ECN 340 Solution_to_Ch4_Q1_Q6_Q8_Q10_Q11

ECN 340 Solution_to_Ch4_Q1_Q6_Q8_Q10_Q11 - Trade and...

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Unformatted text preview: Trade and Resources: The Heckscher-Ohlin Model 1. This exercise uses the Heckscher-Ohlin model to predict the direction of trade. Con- sider the production of hand-made rugs and assembly line robots in Canada and India. a. Which country would you expect to be relatively labor-abundant, and which capital-abundant? Why? Answer Given Canada’s relatively small population ( , 30 million compared with more than 1 billion in India) and level of development, it is a safe assumption that L CAN / K CAN , L IND / K IND . That is, there is more capital per worker in Canada, making it capital-abundant compared with India. Similarly, India would be labor- abundant. b. Which industry would you expect to be relatively labor-intensive, and which is capital-intensive? Why? Answer: Given the amount of capital required to produce robots and the amount of labor required to produce rugs, one would expect that L ROBOT / K ROBOT , L RUG / K RUG , making robots capital intensive and rugs labor intensive. c. Given your answers to (a) and (b), draw production possibilities frontiers for each country.Assuming that consumer preferences are the same in both countries, add indifference curves and relative price lines (without trade) to your PPF graphs. What do the slopes of the price lines tell you about the direction of trade? S-29 4 Answer: See the following figures. Canada’s no-trade production and consumption of robots and rugs corresponds to a relative price of robots that is lower than that in India.This is shown by the flatter sloped relative price line in Canada. d. Allowing for trade between countries, redraw the graphs and include a “trade tri- angle” for each country. Identify and label the vertical and horizontal sides of the triangles as either imports or exports. Answer: See the following figures. 2. Leontief’s Paradox is an example of testing a trade model using actual data observa- tions. If Leontief had observed that the amount of labor needed per $1 million of U.S. exports was 100 instead of 182, would he have reached the same conclusion? Explain. Answer: If the amount of labor required for $1 million of U.S. exports was 100 person-years instead of 182, then the capital/labor ratio for exports would have been $25,500 per person. Because this is larger than the corresponding ratio for imports, this test would have provided support for the Heckscher-Ohlin theorem.That is, the United States (which was assumed to be capital-abundant in both cases) would have been shown to export capital-intensive goods. In actuality, however, Leontief’s test showed exactly the opposite. S-30 Solutions ■ Chapter 4 Trade and Resources: The Heckscher-Ohlin Model Output of robots, Q RO * Output of robots, Q RO (b) India (a) Canada O u t p u t o f r u g s , Q R U * O u t p u t o f r u g s , Q R U A A* Output of robots, Q RO * Output of robots, Q RO O u t p u t o f r u g s , Q R U * O u t p u t o f r u g s , Q R U A A * Imports Imports Exports Exports 6. Suppose when Russia opens to trade, it imports automobiles, a capital-intensive good.Suppose when Russia opens to trade, it imports automobiles, a capital-intensive good....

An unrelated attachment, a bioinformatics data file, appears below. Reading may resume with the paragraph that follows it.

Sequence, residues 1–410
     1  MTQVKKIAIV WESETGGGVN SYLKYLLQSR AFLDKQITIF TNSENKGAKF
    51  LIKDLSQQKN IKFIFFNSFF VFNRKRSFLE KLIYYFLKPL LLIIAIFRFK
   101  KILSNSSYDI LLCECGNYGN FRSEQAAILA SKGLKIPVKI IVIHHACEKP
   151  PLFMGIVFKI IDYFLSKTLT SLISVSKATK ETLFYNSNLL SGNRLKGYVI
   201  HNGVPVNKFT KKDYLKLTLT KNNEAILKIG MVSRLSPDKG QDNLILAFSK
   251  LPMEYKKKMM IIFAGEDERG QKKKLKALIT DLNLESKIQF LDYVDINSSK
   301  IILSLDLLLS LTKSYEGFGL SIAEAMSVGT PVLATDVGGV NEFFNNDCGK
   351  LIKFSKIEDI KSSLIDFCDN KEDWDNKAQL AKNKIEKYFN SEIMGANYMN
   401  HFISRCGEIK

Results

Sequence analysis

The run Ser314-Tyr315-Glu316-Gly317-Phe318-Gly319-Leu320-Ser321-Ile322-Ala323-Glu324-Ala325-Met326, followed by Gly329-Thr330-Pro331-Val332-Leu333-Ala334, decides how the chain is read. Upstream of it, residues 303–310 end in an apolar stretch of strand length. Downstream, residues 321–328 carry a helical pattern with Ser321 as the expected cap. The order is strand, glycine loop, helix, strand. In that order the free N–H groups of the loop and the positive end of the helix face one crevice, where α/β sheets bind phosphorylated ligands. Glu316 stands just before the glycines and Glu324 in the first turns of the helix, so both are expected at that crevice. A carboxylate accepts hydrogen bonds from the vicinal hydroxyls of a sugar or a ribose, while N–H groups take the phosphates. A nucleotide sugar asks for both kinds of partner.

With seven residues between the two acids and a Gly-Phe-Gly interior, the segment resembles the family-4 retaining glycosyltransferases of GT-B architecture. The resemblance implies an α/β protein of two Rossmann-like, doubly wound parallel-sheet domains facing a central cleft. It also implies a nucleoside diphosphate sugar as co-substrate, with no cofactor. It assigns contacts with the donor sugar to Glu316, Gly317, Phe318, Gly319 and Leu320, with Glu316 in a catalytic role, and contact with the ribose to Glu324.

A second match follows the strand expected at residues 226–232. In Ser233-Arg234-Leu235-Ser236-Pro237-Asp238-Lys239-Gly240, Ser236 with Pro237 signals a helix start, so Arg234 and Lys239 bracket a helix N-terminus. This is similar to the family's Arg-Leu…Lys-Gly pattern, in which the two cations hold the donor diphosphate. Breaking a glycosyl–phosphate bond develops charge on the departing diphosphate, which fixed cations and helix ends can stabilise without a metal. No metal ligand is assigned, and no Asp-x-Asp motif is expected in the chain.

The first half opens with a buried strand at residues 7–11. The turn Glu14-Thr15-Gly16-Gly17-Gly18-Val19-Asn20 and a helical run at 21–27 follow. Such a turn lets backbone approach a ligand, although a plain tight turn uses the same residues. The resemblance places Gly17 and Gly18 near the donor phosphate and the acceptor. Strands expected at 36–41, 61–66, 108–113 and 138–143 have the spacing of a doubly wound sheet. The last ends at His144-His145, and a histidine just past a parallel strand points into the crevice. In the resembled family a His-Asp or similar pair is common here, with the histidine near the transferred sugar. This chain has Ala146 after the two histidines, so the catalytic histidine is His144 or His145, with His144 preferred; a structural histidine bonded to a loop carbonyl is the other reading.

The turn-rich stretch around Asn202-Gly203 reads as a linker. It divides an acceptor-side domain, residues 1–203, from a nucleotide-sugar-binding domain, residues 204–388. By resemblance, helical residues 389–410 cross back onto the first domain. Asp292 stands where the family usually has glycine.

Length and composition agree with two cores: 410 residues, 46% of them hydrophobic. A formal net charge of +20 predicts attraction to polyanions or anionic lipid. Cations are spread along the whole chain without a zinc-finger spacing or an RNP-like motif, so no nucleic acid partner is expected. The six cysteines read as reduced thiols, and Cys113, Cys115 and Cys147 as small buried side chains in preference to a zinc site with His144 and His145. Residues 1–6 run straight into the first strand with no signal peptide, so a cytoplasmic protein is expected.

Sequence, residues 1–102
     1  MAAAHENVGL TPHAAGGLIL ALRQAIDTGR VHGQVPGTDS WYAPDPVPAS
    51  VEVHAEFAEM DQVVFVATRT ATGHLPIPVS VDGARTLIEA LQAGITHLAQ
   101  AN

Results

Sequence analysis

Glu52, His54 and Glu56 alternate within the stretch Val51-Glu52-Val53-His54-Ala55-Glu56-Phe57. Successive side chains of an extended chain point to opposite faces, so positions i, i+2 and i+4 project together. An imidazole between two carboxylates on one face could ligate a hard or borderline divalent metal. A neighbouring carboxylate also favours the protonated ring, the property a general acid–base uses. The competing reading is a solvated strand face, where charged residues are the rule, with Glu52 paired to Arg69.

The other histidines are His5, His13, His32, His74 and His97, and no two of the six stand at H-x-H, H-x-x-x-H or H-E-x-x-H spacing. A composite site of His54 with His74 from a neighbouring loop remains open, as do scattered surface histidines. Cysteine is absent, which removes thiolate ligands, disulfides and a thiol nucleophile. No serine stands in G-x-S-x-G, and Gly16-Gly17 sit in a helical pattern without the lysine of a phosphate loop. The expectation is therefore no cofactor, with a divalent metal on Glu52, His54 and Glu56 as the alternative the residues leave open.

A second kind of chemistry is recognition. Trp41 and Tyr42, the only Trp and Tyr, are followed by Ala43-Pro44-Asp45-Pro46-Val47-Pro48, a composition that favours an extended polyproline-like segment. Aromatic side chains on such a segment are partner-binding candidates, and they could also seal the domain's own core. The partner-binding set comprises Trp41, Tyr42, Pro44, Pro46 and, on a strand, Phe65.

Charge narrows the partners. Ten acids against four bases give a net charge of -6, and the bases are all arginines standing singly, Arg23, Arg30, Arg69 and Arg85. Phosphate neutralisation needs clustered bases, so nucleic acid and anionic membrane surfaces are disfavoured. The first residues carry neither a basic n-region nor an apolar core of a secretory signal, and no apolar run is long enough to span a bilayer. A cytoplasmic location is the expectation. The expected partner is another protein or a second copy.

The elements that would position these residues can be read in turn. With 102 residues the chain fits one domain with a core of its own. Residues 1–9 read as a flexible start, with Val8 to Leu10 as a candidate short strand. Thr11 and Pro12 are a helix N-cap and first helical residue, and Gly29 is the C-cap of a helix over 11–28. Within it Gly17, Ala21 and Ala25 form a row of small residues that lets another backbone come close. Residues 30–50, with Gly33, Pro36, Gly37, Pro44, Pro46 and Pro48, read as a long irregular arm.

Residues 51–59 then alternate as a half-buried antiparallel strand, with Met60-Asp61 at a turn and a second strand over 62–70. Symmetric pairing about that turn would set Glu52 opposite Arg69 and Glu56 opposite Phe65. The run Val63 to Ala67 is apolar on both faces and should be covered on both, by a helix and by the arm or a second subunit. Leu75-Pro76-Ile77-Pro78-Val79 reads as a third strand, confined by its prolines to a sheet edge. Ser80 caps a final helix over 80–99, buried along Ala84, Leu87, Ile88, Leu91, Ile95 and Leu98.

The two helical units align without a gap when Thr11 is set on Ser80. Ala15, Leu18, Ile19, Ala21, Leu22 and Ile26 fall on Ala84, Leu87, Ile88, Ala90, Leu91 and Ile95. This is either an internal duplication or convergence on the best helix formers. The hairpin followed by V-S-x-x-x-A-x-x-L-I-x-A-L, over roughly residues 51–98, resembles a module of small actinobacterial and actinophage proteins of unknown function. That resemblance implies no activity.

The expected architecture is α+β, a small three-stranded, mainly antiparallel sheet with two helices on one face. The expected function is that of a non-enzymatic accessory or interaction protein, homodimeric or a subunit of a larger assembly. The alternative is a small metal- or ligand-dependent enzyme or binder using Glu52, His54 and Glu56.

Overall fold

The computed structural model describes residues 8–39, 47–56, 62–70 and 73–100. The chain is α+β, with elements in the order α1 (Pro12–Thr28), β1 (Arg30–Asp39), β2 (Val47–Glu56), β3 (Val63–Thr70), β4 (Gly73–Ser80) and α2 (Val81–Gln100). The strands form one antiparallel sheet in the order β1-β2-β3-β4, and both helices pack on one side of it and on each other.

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This note was uploaded on 02/09/2012 for the course ECN 340 taught by Professor Luchang during the Fall '11 term at Michigan State University.

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ECN 340 Solution_to_Ch4_Q1_Q6_Q8_Q10_Q11 - Trade and...

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